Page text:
Wednesday, February 03, 2016

03-Feb-16: In Washington DC, victims of terror and the search for justice

Participants in the hearing
Responding to a perceived lack of adequate assistance for U.S. victims of terrorism outside the United States, the US Congress heard evidence yesterday (Tuesday) from the family members of several victims as well as from a Deputy Assistant Attorney General in the National Security Division of the Department of Justice (DOJ).

From a report headed "Obama Admin Has Not Prosecuted a Single Palestinian Terrorist Who Killed Americans" [Washington Free Beacon, February 2, 2016]:
The Obama administration has not prosecuted a single Palestinian terrorist responsible for killing Americans abroad, despite a congressional mandate ordering the Justice Department to take action against these individuals, according to disclosures made by lawmakers on Tuesday.
Palestinian terrorists have murdered at least 64 Americans, including two unborn children, since 1993. Yet the U.S. government has failed to take legal action against those who committed the crimes, lawmakers disclosed during a Tuesday hearing on the Justice Department’s failure to live up to its mandate to bring these terrorists to justice.
Many of the terrorists continue to roam free across the Middle East, with one hosting a Hamas-affiliated television show in Jordan.
With criticism mounting from Congress and U.S. victims of terrorism, Justice Department officials say they are working to initiate cases, but warn that this could take “many years” to play out.
Arnold Roth was in Washington yesterday (Tuesday) to take part in the hearing. Click below to view his oral testimony:

Roth's comments start, first, at the 25m 00s mark and then at 1h 02m 15s. His twelve-page written testimony document is here.

The hearing, under the title Seeking Justice for Victims of Palestinian Terrorism in Israel”, took place in the Subcommittee on National Security of the House Oversight and Government Reform Committee. It sought to examine the Office of Justice for Victims of Overseas Terrorism (OVT), an office that began operations inside the Department of Justice in May 2005. Its mission has included ensuring that when Americans are injured or killed in terrorist attacks overseas, investigation and prosecution remains a high priority within the Department of Justice (DOJ).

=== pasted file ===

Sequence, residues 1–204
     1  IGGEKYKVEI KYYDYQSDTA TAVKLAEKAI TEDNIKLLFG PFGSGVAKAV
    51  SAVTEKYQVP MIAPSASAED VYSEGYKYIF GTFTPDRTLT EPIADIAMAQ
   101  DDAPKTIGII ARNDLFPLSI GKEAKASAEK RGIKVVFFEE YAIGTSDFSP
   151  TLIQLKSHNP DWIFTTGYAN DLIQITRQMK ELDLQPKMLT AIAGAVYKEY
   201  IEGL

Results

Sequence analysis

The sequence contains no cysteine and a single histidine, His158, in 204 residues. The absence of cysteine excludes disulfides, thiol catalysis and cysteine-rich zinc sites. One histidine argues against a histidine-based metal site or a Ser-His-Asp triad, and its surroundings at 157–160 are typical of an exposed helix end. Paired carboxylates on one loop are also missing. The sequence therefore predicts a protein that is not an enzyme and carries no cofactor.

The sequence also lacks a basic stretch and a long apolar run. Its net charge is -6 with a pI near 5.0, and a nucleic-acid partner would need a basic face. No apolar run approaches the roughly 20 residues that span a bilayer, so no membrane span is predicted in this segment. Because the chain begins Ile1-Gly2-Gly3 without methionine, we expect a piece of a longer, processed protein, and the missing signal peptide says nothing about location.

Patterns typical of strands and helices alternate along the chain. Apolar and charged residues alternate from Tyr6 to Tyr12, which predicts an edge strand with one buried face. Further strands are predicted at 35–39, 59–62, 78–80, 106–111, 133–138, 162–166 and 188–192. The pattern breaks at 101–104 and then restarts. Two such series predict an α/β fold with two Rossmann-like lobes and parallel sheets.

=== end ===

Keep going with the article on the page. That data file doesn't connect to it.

From the WFB:
Justice Department officials who testified maintain that they are aggressively working behind the scenes to make cases against foreign terrorists who have killed and injured Americans. Brad Wiegmann, the deputy assistant attorney general in the Justice Department’s national security division, maintained that there are a number of “open investigations,” though he declined to provide further information.
“While I cannot discuss these investigations today or the facts of specific cases, it’s important to note the absence of public charges associated with a particular overseas attack does not mean that there are no charges, or that no such charges will be brought,” Weigmann said, noting that a prosecution could take place “many years” after an attack.
“I can certainly understand the frustration of some of the families that the Department of Justice has not prosecuted more cases involving terrorist attacks against Americans in Israel,” Wiegmann said...
Naturally we're hoping for some concrete outcomes. Updates when they come.

03-Feb-16: In Jerusalem, a shooting attack

Israel National News reports that two Border Guard officers, young women aged 19 and 20, were seriously injured this afternoon (Wednesday) in a terrorist shooting assault close to the Old City of Jerusalem's Damascus Gate. It happened around 2:00 o'clock. 
One of the young officers is said to be in critical condition. Both have been rushed to hospital for emergency care. 

There appear to have been three attackers, Arabs armed with concealed sub-machine guns, as well as knives and explosives. After they opened fire, nearby security personnel returned fire, killing the three. They are thought to have come to the site from the Jenin area in Samaria. Times of Israel says the current assessment is the attackers had no history of violent activities according to the Shin Bet. 

UPDATE 8:00 pm Wednesday February 3, 2016: Sadly, Hadar Cohen, 19, from Or Yehuda, one of the Border Police officers injured in the shooting/stabbing attack, has died of her injuries after efforts to save her life at Jerusalem’s Hadassah hospital, Mount Scopus, failed. Times of Israel says she entered the Border Police service just two months ago and was still undergoing training.